• Sat
  • Jul 12, 2014
  • Updated: 2:44am

Rock redux

PUBLISHED : Sunday, 14 December, 2003, 12:00am
UPDATED : Sunday, 14 December, 2003, 12:00am

Stella McCartney put the rock 'n' roll back into Chloe and now, as the French fashion house approaches its half century, her former understudy, Phoebe Philo, has turned up the volume with a collection perfect for the well-heeled groupie..


For a gal approaching her 50s, stiletto heels intact, the Chloe woman certainly doesn't show it. Celebrating half a century in fashion this year, the Parisian house looks younger - and many would say sexier - than ever. Under the creative supervision of British designer Phoebe Philo, who succeeded Stella McCartney when she left to start her own label two years ago, Chloe has reclaimed the feminine, free-wheeling spirit that had been its hallmark since its first fashion show at the Cafe de Flore, the legendary Left Bank hangout of artists, intellectuals and trend-setters, in 1956.


The story began with Gaby Aghion, a chic Egyptian from Alexandria who, on her arrival in the City of Light, despaired at the state of the average Parisienne's wardrobe. In an era defined by two choices - haute couture and death by bad dressmaker - Aghion pioneered a ready-to-wear collection characterised by soft, body-hugging clothes and a bohemian allure. According to legend, she named the line Chloe after its rounded, feminine tones. Style icons from Maria Callas and Brigitte Bardot to Grace Kelly and Jackie Kennedy soon became converts, ordering her pretty, cotton poplin dresses and printed silk blouses in bulk.


Legions of fans followed in 1965 when Karl Lagerfeld started the first of two tenures - from 1965-83 and 1992-97 - at the fashion house, bringing with him fluid silhouettes, baroque flourishes and floral motifs. Martine Sitbon, a Chloe designer from 1987 to 1992, was another untapped talent to make her name there, as was McCartney, who added a stiff shot of rock 'n' roll glamour with her antique-looking lace tops, diamante-encrusted sunglasses and signature, low-waisted trousers.


This girlie-girl-meets-groupie aesthetic has been perfected by Philo, who served as McCartney's second-in-command after graduating from Central Saint Martins College of Art and Design in London. Taking its cue from a long line of screen goddesses, pop chanteuses and It girls, including Julie Christie, Janice Dickinson, Patti Hanson and Jane Birkin, Philo's idiosyncratic blend of nostalgia and bohemia with a superb cut ('My trousers do give a lovely bottom,' she confesses) has attracted an illustrious following that boasts Kate Moss, Camerwon Diaz and Kate Hudson. It is easy to understand why: her latest collection, featured on these pages next to vintage designs from the swinging 60s up to last spring, looks as good on the streets as it does on the red carpet. Rock on.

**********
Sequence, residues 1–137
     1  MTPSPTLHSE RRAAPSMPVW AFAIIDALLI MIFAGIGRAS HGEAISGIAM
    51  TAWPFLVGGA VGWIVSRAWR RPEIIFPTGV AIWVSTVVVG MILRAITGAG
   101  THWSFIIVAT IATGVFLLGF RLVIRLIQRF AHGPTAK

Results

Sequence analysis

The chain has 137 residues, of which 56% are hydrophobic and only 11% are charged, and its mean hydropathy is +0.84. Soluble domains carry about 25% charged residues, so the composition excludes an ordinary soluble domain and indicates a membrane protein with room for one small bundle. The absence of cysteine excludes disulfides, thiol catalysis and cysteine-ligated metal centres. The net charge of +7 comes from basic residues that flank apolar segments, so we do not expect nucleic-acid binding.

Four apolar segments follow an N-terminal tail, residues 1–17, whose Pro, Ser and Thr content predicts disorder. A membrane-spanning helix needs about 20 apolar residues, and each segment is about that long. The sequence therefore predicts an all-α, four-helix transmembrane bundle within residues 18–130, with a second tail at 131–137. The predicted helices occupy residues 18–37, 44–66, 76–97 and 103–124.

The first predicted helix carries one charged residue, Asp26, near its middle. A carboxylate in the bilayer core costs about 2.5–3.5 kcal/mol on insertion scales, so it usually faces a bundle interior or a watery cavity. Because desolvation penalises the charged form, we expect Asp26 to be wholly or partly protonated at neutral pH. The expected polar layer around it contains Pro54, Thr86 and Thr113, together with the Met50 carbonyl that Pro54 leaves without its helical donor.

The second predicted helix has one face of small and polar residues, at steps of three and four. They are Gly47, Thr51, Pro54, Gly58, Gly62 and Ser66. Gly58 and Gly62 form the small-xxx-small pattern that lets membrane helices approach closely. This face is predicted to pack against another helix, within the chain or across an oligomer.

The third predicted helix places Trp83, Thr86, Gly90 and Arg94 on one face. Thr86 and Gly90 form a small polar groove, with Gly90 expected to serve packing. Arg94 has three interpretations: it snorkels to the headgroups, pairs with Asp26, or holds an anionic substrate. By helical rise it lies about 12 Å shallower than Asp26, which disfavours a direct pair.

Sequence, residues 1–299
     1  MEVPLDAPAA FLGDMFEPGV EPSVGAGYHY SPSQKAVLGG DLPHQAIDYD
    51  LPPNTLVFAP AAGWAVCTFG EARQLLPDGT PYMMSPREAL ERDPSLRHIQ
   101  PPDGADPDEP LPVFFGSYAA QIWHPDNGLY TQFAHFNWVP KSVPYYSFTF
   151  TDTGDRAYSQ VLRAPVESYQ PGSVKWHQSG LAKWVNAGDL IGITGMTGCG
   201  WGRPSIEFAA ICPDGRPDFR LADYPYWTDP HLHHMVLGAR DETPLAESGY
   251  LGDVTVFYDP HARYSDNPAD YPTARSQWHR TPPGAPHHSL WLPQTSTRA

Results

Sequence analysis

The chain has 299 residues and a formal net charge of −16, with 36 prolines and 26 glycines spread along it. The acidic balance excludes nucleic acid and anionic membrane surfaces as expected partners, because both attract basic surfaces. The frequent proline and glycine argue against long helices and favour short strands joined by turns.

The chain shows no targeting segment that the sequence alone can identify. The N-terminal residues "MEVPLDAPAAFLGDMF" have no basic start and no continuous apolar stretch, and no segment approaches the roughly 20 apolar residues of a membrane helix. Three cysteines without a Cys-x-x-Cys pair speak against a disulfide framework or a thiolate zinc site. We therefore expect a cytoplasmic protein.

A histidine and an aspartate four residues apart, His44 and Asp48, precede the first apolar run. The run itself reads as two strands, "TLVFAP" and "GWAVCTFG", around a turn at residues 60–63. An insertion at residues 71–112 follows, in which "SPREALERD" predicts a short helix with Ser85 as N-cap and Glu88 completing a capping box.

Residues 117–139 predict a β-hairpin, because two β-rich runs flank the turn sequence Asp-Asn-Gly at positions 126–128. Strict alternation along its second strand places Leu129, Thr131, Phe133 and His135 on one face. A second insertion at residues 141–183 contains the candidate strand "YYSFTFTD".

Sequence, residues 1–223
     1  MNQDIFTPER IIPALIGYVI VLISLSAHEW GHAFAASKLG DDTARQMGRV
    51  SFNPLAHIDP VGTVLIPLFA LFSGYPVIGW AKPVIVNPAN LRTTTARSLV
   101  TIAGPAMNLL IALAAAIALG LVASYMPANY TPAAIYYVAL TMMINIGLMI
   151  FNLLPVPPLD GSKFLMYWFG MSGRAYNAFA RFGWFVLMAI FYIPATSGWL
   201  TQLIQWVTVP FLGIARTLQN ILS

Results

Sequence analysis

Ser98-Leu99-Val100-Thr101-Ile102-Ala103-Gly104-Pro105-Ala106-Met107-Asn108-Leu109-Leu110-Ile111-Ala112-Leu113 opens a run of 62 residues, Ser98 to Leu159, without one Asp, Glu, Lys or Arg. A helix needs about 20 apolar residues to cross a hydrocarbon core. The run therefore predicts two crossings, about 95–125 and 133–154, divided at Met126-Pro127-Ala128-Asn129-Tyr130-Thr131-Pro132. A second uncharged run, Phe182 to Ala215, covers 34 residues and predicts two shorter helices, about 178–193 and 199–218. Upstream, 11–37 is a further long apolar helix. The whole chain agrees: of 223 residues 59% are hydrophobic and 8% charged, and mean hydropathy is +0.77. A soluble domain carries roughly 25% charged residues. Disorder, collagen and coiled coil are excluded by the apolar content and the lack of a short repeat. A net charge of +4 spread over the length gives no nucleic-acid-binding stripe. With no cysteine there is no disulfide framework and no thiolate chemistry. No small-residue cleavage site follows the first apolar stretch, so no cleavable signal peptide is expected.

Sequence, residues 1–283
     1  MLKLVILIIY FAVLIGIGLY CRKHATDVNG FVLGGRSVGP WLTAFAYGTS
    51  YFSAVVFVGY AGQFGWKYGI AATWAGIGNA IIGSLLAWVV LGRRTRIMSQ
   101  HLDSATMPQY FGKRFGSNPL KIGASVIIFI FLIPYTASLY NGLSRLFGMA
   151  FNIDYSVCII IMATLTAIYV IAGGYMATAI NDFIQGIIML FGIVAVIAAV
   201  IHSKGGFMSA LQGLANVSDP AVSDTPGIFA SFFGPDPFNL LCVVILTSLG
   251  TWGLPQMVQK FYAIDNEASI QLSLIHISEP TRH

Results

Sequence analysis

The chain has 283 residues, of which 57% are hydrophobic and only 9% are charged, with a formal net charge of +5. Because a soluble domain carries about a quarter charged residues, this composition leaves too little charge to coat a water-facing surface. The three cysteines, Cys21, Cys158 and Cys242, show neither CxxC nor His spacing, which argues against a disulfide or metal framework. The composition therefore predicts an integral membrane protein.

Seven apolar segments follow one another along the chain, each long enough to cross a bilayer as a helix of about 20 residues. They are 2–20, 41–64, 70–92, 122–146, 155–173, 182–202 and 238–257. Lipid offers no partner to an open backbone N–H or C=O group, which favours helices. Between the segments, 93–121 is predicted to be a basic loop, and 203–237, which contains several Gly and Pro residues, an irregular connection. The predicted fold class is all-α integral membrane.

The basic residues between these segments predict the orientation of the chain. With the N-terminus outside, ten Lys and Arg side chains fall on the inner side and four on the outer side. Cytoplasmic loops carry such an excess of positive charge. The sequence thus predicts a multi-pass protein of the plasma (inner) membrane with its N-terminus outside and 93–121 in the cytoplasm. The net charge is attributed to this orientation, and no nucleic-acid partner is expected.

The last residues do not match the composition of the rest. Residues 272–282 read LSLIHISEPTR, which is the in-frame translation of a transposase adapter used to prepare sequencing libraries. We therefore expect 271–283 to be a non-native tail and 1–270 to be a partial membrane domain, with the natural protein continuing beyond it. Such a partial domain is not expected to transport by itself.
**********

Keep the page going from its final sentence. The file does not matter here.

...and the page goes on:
Opposite page: (clockwise from top left) black crepe dress with white dickey and batwing sleeves, 1971; Jane Birkin models a long symmetrical gown and wide pants in white cotton jersey, 1969; Paloma Picasso in a black jersey dress, 1973; white silk muslin blouse with waffled organza flounces hemmed with lace, 1967.


Top: sequined dress by Karl Lagerfeld, spring/summer 1977.


Above and left: printed cotton and lace robe by Karl Lagerfeld, spring/summer 1974. Beaded top, underneath, and shoes by Phoebe Philo, spring/summer 2003.


Cashmere peacoat ($15,350) and trousers with braided band ($10,650) by Phoebe Philo, autumn/winter 2003, from Chloe, Pacific Place, Admiralty. Hat by Phoebe Philo, spring/summer 2002.


Printed jersey dress by Karl Lagerfeld, autumn/winter 1970. Necklace by Phoebe Philo, spring/summer 2003.


Brocade dress by Karl Lagerfeld, spring/summer 1965. Necklace and shoes by Phoebe Philo, spring/summer 2003.


Photographer: Jean Louis Wolff


Fashion Editor: Tim Lim


Hair: Herman Lee at Chin.G


Make-up: Evelyn Ho


Model: Ana Paula at Models International


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